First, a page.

The Avid Reader
Columbus’ Rob Hardy is a psychologist with Community Counseling Services, dividing his time among clients in Columbus, West Point, Macon, Eupora, Ackerman and Louisville.
Most evenings, you might find him in the worn burgundy recliner in his library, a cluttered yet orderly place filled top to bottom with exercise equipment, artwork and — of course — books.
Hardy’s eclectic reading appetite is sated by “nonfiction, history, science, biography. If I read fiction, it’s nothing new. I don’t read anything newer than Joyce.” He names Joyce’s Ulysses as his favorite book: “There’s just nothing better. It’s a book I’ve read 10 times; I’ll go back and read it another 10.”
Some choices from Hardy’s recent reading menu:
1. Tough Without A Gun: The Life and Extraordinary Afterlife of Humphrey Bogart by Stefan Kanfer — “There was never an actor like Humphrey Bogart, and there never will be again. Kanfer helps us see what was unique in Bogart’s career and in his personality, and how Bogart’s times shaped him and shaped his audience’s enthusiasm for his roles.”
2. The Hemlock Cup: Socrates, Athens and the Search for the Good Life by Bettany Hughes — “This is not an evaluation of the philosophy of Socrates as recorded by Plato, but is a surprisingly detailed biography of Socrates and a history of the turbulent Athens of his time. It succeeds wonderfully in both spheres. After all, Socrates was involved in the civic life of his famous city, and he was a soldier for it during the campaigns against Sparta. He wasn’t just a thinker but a skilled man of action.”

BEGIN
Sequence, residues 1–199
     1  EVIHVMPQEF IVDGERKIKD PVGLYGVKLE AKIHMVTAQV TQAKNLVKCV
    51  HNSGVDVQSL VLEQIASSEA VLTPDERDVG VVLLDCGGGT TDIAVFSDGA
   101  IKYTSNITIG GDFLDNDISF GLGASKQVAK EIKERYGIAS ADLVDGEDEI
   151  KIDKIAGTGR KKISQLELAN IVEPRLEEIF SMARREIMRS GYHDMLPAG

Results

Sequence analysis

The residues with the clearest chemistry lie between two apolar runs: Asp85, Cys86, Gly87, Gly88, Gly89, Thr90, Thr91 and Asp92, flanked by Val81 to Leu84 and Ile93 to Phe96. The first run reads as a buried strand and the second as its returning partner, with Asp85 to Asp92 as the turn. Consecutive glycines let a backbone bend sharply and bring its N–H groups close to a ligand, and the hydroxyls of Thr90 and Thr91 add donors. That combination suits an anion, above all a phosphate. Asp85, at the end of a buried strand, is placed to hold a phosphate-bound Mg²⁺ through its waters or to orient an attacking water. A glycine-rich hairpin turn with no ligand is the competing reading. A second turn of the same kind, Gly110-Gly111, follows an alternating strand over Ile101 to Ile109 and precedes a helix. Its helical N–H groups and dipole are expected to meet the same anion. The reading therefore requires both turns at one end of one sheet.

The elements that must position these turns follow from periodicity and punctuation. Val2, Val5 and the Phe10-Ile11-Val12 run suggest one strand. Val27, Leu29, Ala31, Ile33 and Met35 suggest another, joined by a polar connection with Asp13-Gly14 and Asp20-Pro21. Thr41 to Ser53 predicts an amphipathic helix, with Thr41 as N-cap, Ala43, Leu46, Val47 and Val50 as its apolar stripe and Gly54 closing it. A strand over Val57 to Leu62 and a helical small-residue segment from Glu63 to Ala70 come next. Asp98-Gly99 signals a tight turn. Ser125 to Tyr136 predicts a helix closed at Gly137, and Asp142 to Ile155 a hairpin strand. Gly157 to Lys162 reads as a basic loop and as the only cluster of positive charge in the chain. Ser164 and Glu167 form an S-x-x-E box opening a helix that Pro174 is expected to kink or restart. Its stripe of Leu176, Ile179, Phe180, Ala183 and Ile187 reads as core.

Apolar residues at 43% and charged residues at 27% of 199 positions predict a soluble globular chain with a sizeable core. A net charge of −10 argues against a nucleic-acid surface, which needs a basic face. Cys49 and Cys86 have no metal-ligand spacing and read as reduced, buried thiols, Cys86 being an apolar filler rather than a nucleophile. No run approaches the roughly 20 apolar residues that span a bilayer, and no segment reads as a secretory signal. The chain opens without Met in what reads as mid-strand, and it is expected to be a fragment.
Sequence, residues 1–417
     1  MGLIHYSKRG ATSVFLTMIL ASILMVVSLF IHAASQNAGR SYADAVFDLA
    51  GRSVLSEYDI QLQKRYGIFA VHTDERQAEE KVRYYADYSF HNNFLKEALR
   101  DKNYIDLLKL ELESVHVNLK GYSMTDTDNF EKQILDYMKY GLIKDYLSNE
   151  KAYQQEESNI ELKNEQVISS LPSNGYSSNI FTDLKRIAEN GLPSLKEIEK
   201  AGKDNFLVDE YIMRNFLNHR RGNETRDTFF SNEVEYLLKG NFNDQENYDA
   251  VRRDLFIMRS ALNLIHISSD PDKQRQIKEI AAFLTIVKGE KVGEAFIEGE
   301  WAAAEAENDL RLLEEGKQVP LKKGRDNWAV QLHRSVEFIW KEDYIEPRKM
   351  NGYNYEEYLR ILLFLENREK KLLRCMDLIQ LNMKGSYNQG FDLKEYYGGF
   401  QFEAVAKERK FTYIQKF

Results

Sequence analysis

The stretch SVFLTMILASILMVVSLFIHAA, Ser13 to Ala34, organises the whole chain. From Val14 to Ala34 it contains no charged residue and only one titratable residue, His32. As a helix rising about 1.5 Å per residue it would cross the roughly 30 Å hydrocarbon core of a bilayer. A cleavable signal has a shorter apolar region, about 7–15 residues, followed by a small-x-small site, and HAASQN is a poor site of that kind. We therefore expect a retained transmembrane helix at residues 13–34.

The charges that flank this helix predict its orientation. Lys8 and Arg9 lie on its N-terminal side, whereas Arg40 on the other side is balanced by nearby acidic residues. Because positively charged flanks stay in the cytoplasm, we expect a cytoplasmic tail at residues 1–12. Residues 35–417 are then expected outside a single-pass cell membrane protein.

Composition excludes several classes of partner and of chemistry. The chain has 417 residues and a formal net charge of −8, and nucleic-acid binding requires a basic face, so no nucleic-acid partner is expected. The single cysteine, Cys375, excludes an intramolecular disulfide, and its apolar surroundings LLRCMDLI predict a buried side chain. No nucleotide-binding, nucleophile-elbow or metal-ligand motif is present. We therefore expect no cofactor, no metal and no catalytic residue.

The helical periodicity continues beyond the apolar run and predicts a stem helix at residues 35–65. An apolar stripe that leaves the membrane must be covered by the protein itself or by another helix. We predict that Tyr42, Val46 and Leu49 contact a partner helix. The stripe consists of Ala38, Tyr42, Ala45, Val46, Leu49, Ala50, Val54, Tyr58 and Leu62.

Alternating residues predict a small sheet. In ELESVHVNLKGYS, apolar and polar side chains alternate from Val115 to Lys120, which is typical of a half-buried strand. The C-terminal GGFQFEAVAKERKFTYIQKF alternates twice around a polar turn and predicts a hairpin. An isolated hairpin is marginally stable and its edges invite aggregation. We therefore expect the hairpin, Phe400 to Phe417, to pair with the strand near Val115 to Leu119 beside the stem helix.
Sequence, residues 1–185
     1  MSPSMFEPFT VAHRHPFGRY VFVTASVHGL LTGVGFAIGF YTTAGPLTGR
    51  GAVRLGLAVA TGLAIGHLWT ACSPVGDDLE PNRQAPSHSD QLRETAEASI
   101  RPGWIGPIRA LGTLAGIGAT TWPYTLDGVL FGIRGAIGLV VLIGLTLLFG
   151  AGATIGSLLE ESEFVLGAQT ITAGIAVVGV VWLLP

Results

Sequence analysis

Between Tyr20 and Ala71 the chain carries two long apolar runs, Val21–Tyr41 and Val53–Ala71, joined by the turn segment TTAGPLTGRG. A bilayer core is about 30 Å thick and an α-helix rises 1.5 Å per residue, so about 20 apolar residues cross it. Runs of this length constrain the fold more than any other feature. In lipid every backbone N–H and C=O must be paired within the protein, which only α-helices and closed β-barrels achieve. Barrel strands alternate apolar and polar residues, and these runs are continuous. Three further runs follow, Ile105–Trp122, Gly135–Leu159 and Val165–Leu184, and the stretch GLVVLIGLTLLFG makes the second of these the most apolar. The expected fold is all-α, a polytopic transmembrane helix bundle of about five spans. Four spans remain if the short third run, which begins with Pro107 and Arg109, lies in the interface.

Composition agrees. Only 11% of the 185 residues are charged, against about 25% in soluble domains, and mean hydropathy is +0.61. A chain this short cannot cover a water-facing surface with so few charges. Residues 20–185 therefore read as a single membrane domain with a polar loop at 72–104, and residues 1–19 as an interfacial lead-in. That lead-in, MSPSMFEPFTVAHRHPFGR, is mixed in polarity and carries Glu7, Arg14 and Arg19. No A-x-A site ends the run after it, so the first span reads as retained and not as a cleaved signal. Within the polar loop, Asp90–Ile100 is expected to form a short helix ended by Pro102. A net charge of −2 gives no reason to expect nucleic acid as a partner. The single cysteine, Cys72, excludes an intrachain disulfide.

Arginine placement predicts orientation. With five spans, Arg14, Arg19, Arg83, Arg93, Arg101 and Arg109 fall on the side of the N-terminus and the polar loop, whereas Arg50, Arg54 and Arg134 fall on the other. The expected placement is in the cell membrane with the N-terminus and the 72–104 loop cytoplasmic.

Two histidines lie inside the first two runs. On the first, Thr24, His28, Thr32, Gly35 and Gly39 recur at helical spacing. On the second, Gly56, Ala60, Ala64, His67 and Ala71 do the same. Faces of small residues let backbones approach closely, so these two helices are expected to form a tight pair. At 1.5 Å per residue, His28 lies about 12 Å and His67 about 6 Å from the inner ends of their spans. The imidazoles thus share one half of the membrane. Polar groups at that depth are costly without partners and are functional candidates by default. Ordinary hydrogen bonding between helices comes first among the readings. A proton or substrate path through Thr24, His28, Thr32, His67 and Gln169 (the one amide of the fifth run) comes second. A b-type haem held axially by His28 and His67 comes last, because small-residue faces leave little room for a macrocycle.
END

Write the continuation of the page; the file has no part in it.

3. Dressing Up: Cultural Identity in Renaissance Europe by Ulinka Rublack — “In Europe from 1300 to 1600, clothes were important in a way they had not been in, say, the Middle Ages. Textiles were of unprecedented variety and came from all over the world, and often wages would be paid in cloth. One of the attractions of this lovely, detailed and erudite volume is seeing how they were engaged all those centuries ago in the same sort of pursuit of fashion that still consumes us.”
4. Helvetica and the New York City Subway System: The True (Maybe) Story by Paul Shaw — “The typeface Helvetica is surely the only one that has ever had a movie documentary made about it, and it is a good movie! It is used especially in public places because of its legibility, and many people think that it has always been the typeface for signs in the subways of New York. That’s not at all possible; Helvetica is a modern typeface created in 1957. It is now the official typeface of such signs; it didn’t get to be by a simple committee decision but by decades of design successes, challenges and failures along the way to the current system. A gorgeous book with lots of pictures of the subways and their different styles of signs.”
5. The First English Dictionary of Slang 1699 — “This is a new issuance of a book published anonymously in London in 1699. Diverting and entertaining it is, more than a dictionary deserves to be. There are plenty of terms for drinking, starting with an amusing term for non-alcohol, ‘Adam’s-Ale,’ which simply means water. We might say now that someone is high on alcohol, and in those days he was ‘in his altitudes.’ To read this book whole is to have a good opportunity to wonder at the mysteries of how some words which were coined for criminal or roguish jargon have become common stock English today, and how some have never made it out of the narrow streets, dark taverns and debtors’ prisons of 17th-century London.”